Danny Simmons on “Context Lifetimes — Dispose or Reuse?”

People are more willing to believe guidance from someone at Microsoft than someone outside of Microsoft, therefore I’m happy that Danny has written a blog post on a topic he has answered a few times in the forums and I have pointed to previously as “evidence” in my own blog posts.

This blog post addresses the question about how long to keep an objectcontext around. Danny reiterates what he has advised in the forums:

Standard cases:

Websites/Web services – shortest lifetime as possible. Create the context, do query/savechanges, kill the context

Client apps (winforms, wpf, console) – it’s okay to leave the context hanging around. IT was designed for that purpose and will make change tracking and updates to the db a lot easier.

Edge cases:

Huge amounts of data to deal with for updates? Handle them in batches. You might want t take a look at the experiments with updating that Alex James has been writing about (see below for links) for a different look at updates.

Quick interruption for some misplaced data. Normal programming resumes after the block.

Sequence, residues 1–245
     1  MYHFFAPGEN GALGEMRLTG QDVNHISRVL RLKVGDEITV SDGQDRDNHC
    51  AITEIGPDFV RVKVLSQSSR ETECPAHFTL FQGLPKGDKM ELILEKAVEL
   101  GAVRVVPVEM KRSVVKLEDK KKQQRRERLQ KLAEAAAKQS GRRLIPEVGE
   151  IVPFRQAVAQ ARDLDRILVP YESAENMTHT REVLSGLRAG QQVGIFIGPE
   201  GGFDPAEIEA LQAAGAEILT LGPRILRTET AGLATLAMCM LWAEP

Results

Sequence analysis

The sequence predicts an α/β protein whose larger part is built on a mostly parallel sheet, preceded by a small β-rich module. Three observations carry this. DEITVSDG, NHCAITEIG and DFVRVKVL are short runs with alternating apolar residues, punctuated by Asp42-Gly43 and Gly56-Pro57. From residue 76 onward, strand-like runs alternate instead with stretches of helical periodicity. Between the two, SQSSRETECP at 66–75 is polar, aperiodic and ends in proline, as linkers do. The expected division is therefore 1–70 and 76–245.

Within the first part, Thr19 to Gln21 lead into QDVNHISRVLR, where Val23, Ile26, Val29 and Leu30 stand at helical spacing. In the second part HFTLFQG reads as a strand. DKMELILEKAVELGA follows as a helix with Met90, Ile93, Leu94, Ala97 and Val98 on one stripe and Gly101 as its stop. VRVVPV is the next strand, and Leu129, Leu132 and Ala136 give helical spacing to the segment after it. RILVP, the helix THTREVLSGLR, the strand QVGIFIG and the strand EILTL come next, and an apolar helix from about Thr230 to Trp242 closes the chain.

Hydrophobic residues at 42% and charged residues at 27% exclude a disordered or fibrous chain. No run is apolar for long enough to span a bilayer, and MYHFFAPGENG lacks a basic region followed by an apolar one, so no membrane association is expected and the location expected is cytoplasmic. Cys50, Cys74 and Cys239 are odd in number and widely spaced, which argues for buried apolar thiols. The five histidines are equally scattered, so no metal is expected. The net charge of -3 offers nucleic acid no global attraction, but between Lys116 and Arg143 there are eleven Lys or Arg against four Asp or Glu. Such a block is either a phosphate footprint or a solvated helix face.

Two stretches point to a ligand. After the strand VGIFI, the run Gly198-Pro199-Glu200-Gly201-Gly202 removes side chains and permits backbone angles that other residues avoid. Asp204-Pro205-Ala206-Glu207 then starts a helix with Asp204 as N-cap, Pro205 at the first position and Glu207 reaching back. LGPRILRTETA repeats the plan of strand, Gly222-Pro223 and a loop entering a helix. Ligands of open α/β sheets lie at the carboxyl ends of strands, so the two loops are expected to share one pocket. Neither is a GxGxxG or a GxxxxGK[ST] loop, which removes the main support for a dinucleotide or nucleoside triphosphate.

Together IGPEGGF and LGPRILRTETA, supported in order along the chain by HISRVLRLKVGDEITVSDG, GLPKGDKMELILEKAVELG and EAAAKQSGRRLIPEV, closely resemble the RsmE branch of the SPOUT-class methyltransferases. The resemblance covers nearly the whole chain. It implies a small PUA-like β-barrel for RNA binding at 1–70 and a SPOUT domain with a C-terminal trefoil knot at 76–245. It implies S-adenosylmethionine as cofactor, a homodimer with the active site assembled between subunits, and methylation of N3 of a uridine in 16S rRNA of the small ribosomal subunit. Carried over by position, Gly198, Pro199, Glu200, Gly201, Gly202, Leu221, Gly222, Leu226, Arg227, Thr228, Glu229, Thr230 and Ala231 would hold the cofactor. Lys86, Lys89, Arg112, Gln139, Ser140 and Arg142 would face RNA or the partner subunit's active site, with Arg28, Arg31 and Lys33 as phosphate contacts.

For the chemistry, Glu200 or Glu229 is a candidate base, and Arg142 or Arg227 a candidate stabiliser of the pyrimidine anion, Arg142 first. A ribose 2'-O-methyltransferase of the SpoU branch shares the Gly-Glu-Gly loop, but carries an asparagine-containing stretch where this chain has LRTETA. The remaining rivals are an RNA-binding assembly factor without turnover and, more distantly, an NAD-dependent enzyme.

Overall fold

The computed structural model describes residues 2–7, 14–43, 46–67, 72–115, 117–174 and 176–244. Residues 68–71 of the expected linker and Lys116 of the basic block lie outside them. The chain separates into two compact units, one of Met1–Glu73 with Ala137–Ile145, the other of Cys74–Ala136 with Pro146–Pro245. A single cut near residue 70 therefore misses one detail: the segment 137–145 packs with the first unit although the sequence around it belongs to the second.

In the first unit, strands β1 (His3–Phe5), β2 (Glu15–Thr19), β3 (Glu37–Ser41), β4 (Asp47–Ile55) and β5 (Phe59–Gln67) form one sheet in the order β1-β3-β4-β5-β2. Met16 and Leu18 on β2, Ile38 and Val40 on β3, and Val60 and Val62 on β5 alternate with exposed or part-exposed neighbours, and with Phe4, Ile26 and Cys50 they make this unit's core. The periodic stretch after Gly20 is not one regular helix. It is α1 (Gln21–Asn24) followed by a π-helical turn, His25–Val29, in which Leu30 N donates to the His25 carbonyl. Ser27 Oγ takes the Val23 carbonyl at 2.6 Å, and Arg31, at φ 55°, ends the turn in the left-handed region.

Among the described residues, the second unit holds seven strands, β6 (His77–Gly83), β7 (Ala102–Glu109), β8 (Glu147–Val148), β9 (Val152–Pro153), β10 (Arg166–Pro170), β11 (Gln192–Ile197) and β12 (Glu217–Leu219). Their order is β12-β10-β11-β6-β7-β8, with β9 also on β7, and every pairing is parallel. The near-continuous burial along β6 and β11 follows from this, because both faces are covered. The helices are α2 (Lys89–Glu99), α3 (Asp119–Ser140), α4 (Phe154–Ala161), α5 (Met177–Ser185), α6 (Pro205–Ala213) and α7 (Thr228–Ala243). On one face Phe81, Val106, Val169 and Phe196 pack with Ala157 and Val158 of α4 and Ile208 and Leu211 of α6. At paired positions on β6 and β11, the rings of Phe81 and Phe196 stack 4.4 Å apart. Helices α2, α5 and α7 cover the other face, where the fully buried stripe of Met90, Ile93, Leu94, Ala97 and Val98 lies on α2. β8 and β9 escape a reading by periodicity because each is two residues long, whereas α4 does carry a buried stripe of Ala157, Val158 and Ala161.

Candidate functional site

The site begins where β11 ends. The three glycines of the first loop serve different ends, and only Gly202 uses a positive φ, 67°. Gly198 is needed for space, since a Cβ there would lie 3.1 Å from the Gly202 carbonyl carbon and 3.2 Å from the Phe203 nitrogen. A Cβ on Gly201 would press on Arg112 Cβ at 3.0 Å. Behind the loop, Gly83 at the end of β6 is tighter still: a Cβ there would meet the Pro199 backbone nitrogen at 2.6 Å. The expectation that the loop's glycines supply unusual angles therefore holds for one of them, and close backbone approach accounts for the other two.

Client app with data that you would like to cache combined with data that changes: for example, a list of product categories that doesn’t change much as well as order data that changes frequently. I’ve seen the back and forth discussions of this scenario in the forums. Danny recommends using a single context and how to manage that data within that context.

Read all the details here

Alex James blog post series:

  • Rolling your own SQL Update on top of the Entity Framework – Part 4
  • Rolling your own SQL Update on-top of the Entity Framework – Part 3
  • Rolling your own SQL Update on top of the Entity Framework – Part 2
  • Rolling your own SQL Update on-top of the Entity Framework – Part 1
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